Once every several years I get hit in the face and heart and soul with a book that overrides the electrical circuiting in my brain. HEAVY: AN AMERICAN MEMOIR by Kiese Laymon is that cerebrum hijacker. It is one of the most vital pieces of nonfiction I’ve encountered, full of the productive personal and political truth telling we seek out in stories. Whenever I think of the bravery, sincerity, and honesty living in these pages, my heart walls swell and cave under the pressure as my mind yells Now you! I will preface this review by saying that reading HEAVY is not easy. It is hard work dealing with hard subjects and hard truths. It is a challenging exercise in confrontation and discomfort, but rewarding in its goodness. It leaves you happy/sad, all-around tender, and wanting to hug your loved ones.
In HEAVY, Laymon addresses the book to his academically militant mother who expected excellence in all ways in order to make living as a Black man in the South as undamaging as possible. She believed intelligence conveyed through the Queen’s English could free him from circumstance. Bare on these pages are the messiness of parenting, and the internalized consequences of being a product of that parenting. Through this, Laymon chronicles his weight, lending a physical context to his emotional state. As he gets older, his weight becomes a fixation that grows toxic as the burden of secrets and lies around addiction, sexual abuse, and more fester to become caustic, malignant things that ruin relationships of all kinds and almost end him.
In another sense, Laymon addresses the book to America and the systemic oppression and racism that shaped his experiences with poverty and violence. In recounting his upbringing in Mississippi, his college days, and becoming a professor, he conveys the interactions that contextualize navigating the world as a Black man.
Laymon is a formidable sentence creator. His language is lyrical with a style and tone all his own. His distinct manner of expressing emotions and discounted feelings makes the previously indescribable vibrant and accessible: we all get “bubble guts” from anxiety; “laugh until we don’t”; and fake a yawn to cover up sincere expression when tears flood our eyes. With these he provided me a new vocabulary as I realized that I did these things too, that these particular types of shame were not individual but universal.
Two central themes of HEAVY are revision and rereading, which resonate deeply with me, as one of my favorite pleasures as a reader is revisiting a favorite text two, three, or even five times. I’ve read this book thrice, listened to the audio about twice as much, and still revel in finding new and different things to experience, brush up against, learn, and feel each time. It’s an honor to read these words, listen to them, be swept up in their heft, and feel shattered only to be pieced back together wobblier but stronger with the sheer force of the love hiding between the lines.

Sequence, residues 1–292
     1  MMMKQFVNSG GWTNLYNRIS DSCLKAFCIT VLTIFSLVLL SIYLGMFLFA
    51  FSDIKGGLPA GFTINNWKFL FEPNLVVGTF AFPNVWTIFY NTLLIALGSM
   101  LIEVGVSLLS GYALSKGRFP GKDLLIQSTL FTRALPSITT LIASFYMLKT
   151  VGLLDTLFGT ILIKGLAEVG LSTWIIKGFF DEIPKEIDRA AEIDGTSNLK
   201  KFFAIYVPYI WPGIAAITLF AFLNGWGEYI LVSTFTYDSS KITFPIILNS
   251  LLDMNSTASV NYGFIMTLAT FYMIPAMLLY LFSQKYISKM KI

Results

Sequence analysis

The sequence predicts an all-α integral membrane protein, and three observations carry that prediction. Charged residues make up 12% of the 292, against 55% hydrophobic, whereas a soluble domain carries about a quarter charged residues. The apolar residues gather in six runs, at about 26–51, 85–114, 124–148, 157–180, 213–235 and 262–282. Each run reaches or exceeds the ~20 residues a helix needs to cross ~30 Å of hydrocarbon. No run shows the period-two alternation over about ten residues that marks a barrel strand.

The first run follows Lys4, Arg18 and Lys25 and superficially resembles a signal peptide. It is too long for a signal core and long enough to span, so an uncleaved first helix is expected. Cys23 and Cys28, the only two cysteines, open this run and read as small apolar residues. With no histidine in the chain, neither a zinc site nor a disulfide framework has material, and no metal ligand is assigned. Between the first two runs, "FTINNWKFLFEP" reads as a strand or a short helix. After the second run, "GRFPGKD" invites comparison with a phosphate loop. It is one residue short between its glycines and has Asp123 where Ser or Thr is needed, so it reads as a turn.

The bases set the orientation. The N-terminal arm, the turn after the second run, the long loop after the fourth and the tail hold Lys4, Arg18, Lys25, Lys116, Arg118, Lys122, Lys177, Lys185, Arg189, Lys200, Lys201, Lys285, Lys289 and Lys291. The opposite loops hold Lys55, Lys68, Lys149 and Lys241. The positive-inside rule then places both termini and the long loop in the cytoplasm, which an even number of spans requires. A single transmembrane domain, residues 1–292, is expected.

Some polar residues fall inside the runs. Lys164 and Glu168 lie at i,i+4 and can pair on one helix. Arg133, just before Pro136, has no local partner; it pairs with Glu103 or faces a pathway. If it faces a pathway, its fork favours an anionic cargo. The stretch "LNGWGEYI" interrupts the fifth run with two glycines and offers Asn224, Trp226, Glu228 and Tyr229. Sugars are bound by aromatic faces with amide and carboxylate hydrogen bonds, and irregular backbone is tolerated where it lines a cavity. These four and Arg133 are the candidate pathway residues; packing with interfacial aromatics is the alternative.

HEAVY came in like a tornado and unearthed portions of the past I’ve buried in Do Not Open folders of my brain, and forced me to hold a mirror up to myself and my relationships. It’s these singular practices that not a lot of memoirs do. Few foster intentional personal introspection like HEAVY, and that is why I strongly feel it is so important. It is not a passive reading experience, but rather a journey with Laymon to uncover those deep, dark, dirty truths staring right at us screaming for reckoning.
*Named a Best Book of 2018 by the New York Times, Publishers Weekly, NPR, Broadly, Buzzfeed (Nonfiction), The Undefeated, Library Journal (Biography/Memoirs), The Washington Post (Nonfiction), Southern Living (Southern), Entertainment Weekly, and The New York Times Critics*
In this powerful, provocative, and universally lauded memoir—winner of the Andrew Carnegie Medal and finalist for the Kirkus Prize—genre-bending essayist and novelist Kiese Laymon “provocatively meditates on his trauma growing up as a black man, and in turn crafts an essential polemic against American moral rot” (Entertainment Weekly).
In Heavy, Laymon writes eloquently and honestly about growing up a hard-headed black son to a complicated and brilliant black mother in Jackson, Mississippi. From his early experiences of sexual violence, to his suspension from college, to time in New York as a college professor, Laymon charts his complex relationship with his mother, grandmother, anorexia, obesity, sex, writing, and ultimately gambling. Heavy is a “gorgeous, gutting…generous” (The New York Times) memoir that combines personal stories with piercing intellect to reflect both on the strife of American society and on Laymon’s experiences with abuse. By attempting to name secrets and lies he and his mother spent a lifetime avoiding, he asks us to confront the terrifying possibility that few in this nation actually know how to responsibly love, and even fewer want to live under the weight of actually becoming free.
“A book for people who appreciated Roxane Gay’s memoir Hunger” (Milwaukee Journal Sentinel), Heavy is defiant yet vulnerable, an insightful, often comical exploration of weight, identity, art, friendship, and family through years of haunting implosions and long reverberations. “You won’t be able to put [this memoir] down…It is packed with reminders of how black dreams get skewed and deferred, yet are also pregnant with the possibility that a kind of redemption may lie in intimate grappling with black realities” (The Atlantic).